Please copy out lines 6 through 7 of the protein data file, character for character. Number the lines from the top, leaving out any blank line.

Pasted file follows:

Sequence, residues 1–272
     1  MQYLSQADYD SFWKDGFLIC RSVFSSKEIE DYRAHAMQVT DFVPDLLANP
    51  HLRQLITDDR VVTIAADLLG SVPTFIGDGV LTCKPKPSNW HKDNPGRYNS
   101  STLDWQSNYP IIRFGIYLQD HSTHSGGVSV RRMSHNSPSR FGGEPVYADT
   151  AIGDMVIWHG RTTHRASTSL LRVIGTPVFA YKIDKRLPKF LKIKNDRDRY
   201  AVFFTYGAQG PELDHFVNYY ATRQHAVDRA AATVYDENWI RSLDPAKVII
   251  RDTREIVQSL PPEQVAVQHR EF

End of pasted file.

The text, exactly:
   201  AVFFTYGAQG PELDHFVNYY ATRQHAVDRA AATVYDENWI RSLDPAKVII
   251  RDTREIVQSL PPEQVAVQHR EF